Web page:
Monday 5 August 2013

Study confirms poorest hit hardest by A&E closures

An Equality Impacts report commissioned by NHS managers into the closure of four West London Accident and Emergency facilities LINK has confirmed the fears of many campaigners. The report by consultants Mott MacDonald into the closures of A&Es at Ealing, Charing Cross. Hammersmith and Central Middlesex and the reconfiguration programme under the Shaping a Healthier Future proposals concluded:
  • 33% of 'blue light' ambulances across the area will take longer to reach hospital
  • Among those picking up patients from poorer areas, 41% will take longer
  • The four A&Es proposed for closure are all in deprived parts of London
  • Elderly, poorer and disabled people who need non-urgent care will be 'disproportionately' affected
  • Seven in ten people travelling by bus or tube will have journey times of 30 minutes or more
  • Travel times are a key concern and warnings need to be raised about the prospect of longer and more complext journey times
  • Closure could affect 'continuity of care' particularly for children
  • Well-developed services at Ealing hospital to help Southall's large South Asian population, which suffers high levels of poor health, would also be lost.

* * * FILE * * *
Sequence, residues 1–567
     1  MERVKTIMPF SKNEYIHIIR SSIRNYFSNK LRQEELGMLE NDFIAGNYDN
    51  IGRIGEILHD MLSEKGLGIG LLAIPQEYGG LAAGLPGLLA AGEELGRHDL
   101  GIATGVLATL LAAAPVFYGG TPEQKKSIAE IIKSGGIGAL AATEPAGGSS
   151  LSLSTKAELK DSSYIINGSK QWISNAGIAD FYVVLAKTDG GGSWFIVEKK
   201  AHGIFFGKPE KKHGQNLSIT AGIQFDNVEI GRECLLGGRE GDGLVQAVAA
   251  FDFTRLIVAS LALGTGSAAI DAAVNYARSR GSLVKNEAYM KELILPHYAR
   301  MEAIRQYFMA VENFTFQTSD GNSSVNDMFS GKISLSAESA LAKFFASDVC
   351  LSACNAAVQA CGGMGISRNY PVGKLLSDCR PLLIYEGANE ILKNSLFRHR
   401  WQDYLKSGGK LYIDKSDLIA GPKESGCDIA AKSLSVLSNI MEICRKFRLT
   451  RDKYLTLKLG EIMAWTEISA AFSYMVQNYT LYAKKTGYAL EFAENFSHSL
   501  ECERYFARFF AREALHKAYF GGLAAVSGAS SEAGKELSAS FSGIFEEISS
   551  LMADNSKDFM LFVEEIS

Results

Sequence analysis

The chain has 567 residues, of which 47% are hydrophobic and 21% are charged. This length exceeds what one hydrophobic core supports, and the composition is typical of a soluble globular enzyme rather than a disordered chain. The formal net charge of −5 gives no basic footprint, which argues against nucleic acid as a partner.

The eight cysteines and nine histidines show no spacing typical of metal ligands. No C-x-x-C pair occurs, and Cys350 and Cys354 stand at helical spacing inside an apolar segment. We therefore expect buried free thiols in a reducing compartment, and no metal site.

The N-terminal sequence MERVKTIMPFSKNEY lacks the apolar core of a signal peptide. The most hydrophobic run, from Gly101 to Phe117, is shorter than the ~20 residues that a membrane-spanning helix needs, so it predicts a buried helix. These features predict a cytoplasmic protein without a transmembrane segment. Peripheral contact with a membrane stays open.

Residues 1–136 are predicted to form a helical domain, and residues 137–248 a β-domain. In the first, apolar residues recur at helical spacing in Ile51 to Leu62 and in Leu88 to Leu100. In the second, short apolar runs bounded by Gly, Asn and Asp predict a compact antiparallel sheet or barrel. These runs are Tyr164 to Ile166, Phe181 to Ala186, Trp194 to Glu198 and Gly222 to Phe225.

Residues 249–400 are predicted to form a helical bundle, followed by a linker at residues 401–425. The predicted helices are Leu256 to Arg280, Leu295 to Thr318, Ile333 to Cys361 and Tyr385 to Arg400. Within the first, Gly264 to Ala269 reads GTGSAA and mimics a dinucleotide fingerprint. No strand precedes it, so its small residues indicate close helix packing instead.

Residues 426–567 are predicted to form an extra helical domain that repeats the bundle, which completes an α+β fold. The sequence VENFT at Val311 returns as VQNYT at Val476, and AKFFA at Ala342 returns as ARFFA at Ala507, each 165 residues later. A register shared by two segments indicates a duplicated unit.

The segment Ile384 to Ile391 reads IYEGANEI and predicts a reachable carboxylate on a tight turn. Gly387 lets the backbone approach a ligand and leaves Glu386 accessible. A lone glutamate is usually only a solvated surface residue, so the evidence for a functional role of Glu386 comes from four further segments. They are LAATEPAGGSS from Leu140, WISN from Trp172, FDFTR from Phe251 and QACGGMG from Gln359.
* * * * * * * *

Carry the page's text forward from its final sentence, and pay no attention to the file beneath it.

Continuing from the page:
The report's authors believe no ambulances will take more than an extra 10 minutes to reach an A&E  after the closures but of course that could be an extremely crucial 10 minutes.

Dr Onkar Sahota, chair of the London Assembly health committee,told the Daily Mail LINK  that he thought their calculations were wrong 'There is clear evidence that when travel times are increased, mortality rates go up'.


Anonymous said...

'There is clear evidence that when travel times are increased, mortality rates go up'.

There is certainly clear evidence that being taken to a large A&E, where doctors have more experience and 'turn-over', means that mortality rates go down, and patients have better outcomes.

That has already happened with the reorganisation of stroke services in London.

So it is purpose of properly equipped and staffed ambulances to stabilise patients for longer journeys. But without proper funding for that, the deal is off.

Unknown said...

One can't always get an ambulance. Some years back I was told off for getting late to casualty and that I might have lost a couple of fingers, yet when I'd asked for an ambulance I'd been told to get a minicab. Another time more recently I was taken ill after work and when I got home tried NHS Direct,a nurse advised me to get a minicab to the nearest hospital. I was living near Central Middlesex then and could walk it, but the A&E was crowded and I had to wait quite a while before being seen, and then I was taken in under observation. I survived but if I'd had to find my way to Northwick Park then swell the queue there ...
Anyway, all this talk about the advantages of being taken to more centralised A&E's is nonsense, when everyone knows this decision was taken to save money, and the other reasons thought up afterwards. And all to pay for PFIs and fancy buildings. It's sad to see health service professionals and administrators who think their job is to act as PR for rotten policies.